TD Bank Financial Group is apparently “transitioning out of” its financial advisory business, according to the company. At stake are over 100 advisors and about 100,000 clients, according to unnamed sources close to the company.
The bank reportedly had a meeting Tuesday with the advisory group, principally composed of former Banknorth advisors, to announce that these advisors could apply for a position at TD Ameritrade or TD Bank’s [TD] wealth management division for high-net-worth clients who have over $750,000 in investible assets. A spokeswoman for the company confirmed that these were the choices. “The exact role of the financial advisor will not exist,” said spokesperson Susan Webb.
As for advisors, “our goal is to find local positions for as many advisors as possible," she said.
Either way, one former employee said, “This is a perfect example of Big Bank 101 from 12 years ago.” Transferring clients from wealth management to TD Ameritrade, said the source, is like transferring a bunch of people used to full-service advisory to a discount broker like E-Trade with limited service.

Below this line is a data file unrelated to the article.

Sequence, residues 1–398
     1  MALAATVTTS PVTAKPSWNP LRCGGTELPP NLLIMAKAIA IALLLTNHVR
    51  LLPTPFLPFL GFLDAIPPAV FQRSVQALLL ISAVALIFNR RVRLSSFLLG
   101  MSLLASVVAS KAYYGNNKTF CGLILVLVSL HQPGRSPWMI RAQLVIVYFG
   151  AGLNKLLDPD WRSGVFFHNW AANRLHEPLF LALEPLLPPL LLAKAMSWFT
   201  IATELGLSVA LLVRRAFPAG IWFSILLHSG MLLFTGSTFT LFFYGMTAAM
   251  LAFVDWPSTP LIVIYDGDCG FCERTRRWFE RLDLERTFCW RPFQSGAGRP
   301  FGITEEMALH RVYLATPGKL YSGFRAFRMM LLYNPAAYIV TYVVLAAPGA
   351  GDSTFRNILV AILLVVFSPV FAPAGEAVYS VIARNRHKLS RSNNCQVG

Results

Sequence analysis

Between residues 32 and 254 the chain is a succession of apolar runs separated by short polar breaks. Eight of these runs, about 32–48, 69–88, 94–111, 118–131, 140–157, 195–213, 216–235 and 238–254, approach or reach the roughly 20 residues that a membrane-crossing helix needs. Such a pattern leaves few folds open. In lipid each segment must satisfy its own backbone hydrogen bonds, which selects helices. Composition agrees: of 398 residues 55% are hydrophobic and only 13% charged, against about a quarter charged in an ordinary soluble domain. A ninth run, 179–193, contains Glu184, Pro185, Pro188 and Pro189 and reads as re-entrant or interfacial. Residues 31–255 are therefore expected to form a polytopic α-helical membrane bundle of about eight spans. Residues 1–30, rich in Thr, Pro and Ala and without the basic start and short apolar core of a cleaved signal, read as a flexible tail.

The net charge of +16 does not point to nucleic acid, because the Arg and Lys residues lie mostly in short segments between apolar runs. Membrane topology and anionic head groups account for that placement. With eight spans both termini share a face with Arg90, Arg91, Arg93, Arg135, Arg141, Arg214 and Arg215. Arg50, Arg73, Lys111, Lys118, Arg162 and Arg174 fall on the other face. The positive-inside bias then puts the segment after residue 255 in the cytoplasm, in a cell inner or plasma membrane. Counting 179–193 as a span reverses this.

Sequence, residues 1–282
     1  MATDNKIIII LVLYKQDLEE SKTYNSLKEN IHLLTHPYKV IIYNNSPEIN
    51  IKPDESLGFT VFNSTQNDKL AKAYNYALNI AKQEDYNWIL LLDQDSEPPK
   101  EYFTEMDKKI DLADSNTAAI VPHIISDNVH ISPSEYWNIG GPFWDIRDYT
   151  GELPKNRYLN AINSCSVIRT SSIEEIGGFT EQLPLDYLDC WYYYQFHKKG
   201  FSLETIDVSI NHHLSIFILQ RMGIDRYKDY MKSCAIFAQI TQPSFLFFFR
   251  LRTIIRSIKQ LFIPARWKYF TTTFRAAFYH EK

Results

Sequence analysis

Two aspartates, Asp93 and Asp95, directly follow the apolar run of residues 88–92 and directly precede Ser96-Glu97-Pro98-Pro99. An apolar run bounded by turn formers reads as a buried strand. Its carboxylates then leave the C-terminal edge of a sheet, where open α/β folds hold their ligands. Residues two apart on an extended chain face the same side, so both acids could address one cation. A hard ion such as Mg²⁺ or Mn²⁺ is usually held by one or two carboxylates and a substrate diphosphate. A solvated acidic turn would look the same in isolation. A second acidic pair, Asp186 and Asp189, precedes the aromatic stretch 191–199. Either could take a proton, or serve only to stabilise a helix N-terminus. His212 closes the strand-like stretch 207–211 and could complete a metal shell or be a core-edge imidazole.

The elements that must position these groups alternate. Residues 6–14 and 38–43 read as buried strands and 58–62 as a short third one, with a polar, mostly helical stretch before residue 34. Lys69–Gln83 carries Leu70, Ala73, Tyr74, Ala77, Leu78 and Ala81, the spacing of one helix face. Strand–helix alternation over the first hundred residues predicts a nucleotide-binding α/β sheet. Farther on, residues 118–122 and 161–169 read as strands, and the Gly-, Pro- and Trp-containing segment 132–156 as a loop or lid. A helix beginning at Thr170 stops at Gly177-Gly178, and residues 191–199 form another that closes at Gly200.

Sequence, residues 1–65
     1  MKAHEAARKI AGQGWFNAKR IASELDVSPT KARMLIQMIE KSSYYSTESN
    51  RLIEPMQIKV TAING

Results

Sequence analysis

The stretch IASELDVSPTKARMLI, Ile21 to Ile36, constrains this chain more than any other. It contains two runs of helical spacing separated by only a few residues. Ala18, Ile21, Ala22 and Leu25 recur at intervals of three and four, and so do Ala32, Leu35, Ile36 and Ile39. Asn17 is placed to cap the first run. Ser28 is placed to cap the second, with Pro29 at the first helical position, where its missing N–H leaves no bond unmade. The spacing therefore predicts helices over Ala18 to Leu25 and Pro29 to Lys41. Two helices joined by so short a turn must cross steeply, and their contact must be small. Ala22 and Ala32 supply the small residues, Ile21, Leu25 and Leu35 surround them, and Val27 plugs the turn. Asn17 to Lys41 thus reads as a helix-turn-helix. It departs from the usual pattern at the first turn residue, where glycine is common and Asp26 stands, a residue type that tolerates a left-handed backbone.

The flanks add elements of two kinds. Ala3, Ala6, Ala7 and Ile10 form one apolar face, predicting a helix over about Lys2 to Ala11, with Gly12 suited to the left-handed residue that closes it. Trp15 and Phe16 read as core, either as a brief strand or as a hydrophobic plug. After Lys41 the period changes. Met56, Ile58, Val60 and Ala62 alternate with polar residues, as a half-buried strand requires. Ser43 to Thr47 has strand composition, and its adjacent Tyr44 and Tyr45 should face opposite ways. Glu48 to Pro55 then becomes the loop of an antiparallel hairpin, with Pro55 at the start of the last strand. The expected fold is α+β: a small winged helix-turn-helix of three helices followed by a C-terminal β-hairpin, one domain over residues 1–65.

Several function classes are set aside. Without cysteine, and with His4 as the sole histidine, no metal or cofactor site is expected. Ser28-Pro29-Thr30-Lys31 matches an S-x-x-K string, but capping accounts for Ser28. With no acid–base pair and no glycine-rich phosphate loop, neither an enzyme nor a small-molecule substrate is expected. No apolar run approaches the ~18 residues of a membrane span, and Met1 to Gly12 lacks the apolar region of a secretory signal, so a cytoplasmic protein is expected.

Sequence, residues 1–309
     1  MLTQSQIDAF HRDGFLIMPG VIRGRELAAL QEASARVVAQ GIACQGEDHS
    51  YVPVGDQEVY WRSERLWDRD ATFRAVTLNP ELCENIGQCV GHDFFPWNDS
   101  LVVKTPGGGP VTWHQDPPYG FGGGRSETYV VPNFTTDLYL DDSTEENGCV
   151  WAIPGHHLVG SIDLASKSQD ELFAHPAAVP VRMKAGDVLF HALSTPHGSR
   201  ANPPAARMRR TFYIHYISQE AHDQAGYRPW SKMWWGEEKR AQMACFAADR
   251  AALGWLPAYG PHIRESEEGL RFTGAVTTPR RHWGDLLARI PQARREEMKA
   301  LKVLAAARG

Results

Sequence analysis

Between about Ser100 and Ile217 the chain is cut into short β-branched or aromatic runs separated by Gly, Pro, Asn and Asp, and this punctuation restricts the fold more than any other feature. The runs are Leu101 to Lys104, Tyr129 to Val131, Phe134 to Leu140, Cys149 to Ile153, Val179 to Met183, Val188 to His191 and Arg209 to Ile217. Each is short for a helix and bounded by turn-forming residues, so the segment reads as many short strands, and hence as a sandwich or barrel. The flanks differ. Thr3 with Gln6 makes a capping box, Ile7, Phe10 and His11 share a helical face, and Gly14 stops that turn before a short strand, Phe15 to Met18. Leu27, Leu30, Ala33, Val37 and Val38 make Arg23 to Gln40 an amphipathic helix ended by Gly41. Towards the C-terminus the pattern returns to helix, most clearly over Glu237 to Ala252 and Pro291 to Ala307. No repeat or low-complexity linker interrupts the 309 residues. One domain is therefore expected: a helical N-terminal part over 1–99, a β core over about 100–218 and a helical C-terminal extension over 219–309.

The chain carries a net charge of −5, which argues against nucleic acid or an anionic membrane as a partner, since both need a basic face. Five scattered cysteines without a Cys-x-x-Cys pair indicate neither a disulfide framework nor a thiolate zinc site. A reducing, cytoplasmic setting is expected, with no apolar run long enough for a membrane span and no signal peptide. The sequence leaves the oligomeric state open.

Clients with less than $750,000 to invest will have to elect to go to TD Ameritrade, but if they don’t, they can leave the company, according to Webb.
“The service those clients get today fit nicely in with TD Ameritrade," she said.
Clients with more than $750,000 will be moved from open architecture to mostly proprietary products and discretionary management, according to two former employees who didn’t want to be named. The wealth management group offers private banking, trust services and the Private Investment Council product for Investments.
“This is an unbelievable example of a large bank not understanding the business and making a lot of bad decisions,” said one source. “It was an advice-driven business recognized for good value and with a good reputation and now it’s totally destroyed. The Canadians didn’t want advisors providing advice, just a totally plain vanilla approach. This is a big bank culture that doesn’t care about employees or clients who bought full service and were paying for it.”